During the beginning of the 1950s, the tribe was not comfortable with the name given to it under the law of the state and this prompted these people to exert much pressure on the state and as a result, the state conducted a referendum to come up with an appropriate name. In the year 1951, the Lumbees voted to have a new name. A bill, in turn, was passed by the North Carolina General Assembly approving the name for this tribe to become “Lumbee Indians of North Carolina” and to date, the tribe is still called so. This was the only time the tribe had a chance to give itself a name other than a name being imposed on it.

In the year 1955, the Lumbee tribe just like it had done in former times, looking for recognition by the federal government based on the state law that had been amended recently. The same way as in the former case, this bill was opposed by the Department of the Interior and this department came up with recommendations that the bill is amended by Congress by refusing eligibility for the gains that were there for the Indians for the reason of their tribal status following the federal Indian policy that was prevailing at that time. The bill, which on which the amendments had been done was later (1956) enacted by Congress. Therefore, Congress accepted the Lumbee Indians but at the same time terminated this tribe by refusing it the federal Indian benefits and services.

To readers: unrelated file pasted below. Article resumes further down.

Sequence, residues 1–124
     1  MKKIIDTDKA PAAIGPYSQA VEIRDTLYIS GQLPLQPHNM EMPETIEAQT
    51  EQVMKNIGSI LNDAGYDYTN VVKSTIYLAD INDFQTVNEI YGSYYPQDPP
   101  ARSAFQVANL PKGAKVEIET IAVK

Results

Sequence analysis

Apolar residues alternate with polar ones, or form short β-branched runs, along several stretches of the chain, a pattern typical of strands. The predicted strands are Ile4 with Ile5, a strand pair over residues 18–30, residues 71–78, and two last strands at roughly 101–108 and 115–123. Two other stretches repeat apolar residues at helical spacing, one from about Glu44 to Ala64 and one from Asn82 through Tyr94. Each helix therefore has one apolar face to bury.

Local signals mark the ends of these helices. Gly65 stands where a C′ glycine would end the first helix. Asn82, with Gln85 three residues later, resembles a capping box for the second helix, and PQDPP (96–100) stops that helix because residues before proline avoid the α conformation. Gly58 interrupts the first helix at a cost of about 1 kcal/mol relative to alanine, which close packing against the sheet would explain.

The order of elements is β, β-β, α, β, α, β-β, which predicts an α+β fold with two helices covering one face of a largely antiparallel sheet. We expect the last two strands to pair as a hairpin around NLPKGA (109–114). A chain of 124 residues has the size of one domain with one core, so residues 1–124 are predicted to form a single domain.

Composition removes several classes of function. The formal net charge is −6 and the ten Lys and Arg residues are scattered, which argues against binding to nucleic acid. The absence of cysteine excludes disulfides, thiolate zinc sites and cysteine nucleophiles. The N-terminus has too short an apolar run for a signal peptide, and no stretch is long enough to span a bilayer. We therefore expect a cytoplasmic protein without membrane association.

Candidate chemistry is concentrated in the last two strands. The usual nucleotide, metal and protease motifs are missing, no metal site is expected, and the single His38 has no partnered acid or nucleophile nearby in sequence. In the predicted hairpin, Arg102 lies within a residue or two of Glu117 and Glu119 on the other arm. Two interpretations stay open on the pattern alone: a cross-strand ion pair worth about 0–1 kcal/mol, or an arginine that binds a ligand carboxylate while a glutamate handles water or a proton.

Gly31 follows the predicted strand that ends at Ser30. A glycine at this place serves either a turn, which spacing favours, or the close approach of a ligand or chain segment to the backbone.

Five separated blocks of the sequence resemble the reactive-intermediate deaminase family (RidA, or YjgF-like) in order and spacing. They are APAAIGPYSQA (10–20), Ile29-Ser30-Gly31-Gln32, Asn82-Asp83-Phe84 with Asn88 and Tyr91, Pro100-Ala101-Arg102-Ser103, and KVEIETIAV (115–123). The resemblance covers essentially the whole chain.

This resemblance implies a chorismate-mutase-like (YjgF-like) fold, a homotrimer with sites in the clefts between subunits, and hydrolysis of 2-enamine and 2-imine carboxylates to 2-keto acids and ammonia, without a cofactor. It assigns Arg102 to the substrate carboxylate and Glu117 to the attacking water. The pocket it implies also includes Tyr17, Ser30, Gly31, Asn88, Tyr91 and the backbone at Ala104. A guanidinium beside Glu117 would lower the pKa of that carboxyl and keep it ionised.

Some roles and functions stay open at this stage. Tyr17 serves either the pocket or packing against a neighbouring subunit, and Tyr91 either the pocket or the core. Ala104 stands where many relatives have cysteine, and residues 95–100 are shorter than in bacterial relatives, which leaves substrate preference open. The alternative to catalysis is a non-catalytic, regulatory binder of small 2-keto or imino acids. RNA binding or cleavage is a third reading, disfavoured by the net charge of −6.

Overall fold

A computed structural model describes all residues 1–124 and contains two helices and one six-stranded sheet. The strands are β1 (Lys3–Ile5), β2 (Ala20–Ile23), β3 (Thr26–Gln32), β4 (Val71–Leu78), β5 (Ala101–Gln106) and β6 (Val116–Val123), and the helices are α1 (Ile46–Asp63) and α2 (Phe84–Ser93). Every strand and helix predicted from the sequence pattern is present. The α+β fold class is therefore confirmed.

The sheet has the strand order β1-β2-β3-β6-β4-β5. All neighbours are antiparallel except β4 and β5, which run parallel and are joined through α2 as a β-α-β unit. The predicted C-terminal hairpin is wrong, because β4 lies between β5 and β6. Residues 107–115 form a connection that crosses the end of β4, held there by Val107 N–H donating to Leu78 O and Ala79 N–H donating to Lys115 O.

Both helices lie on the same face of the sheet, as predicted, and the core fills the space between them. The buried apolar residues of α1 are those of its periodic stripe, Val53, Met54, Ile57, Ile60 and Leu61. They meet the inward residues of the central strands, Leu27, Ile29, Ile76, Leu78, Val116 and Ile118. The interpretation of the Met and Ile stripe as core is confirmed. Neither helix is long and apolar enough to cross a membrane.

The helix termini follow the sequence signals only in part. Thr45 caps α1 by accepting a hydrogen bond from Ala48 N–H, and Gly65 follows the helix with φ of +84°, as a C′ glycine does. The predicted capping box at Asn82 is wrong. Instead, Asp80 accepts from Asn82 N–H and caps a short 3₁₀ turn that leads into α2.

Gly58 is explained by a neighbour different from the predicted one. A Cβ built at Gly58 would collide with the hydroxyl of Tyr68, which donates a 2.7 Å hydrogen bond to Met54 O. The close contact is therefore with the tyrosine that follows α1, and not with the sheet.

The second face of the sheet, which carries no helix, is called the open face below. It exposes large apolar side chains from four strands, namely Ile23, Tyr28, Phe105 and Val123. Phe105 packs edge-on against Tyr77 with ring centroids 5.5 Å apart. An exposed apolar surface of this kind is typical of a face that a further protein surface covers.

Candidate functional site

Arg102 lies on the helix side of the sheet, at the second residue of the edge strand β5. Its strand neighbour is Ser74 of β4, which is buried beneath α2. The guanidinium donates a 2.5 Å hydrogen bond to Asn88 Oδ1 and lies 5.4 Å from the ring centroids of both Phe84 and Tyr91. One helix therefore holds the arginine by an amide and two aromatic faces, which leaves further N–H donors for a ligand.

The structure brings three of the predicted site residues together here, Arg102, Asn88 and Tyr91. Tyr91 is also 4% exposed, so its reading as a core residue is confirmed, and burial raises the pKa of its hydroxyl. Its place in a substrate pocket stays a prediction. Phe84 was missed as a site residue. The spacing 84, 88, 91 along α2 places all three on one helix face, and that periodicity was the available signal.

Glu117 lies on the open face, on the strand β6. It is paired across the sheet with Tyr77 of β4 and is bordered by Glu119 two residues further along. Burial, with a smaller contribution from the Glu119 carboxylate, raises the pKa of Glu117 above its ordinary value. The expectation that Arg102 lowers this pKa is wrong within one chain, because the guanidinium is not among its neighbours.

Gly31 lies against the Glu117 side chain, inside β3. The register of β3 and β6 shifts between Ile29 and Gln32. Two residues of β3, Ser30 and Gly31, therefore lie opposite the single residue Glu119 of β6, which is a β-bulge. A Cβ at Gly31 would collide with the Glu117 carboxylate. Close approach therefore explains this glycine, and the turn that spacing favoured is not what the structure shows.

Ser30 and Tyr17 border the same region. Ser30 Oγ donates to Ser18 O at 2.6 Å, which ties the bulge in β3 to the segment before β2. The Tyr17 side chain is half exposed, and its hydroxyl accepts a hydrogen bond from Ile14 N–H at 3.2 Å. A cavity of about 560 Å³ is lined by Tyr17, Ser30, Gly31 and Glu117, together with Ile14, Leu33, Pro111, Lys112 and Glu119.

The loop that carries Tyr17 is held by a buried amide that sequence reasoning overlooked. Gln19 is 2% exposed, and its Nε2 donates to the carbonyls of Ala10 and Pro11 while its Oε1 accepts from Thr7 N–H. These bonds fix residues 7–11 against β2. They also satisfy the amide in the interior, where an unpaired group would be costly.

In the year 1968, there came the Tiwa Act 1968 and this played the same role as that of the 1956 Lumbee Act. Nevertheless, in 1987 the Ysleta del Sur Pueblo Restoration Act was enacted. This act approved that the Tiwa had gotten recognition from the 1968 Tiwa act. This has brought in many arguments about the model of this act, which is the Lumbee Act. The argument is that, the Lumbee act must in the same way be given recognition and that congress has the obligation of bringing back in place the federal relationship with the Lumbees. In the year 2001, there was massive voting by the Lumbee Tribe to have organization under a tribal constitution. (Thomas, n.d: Para. 25).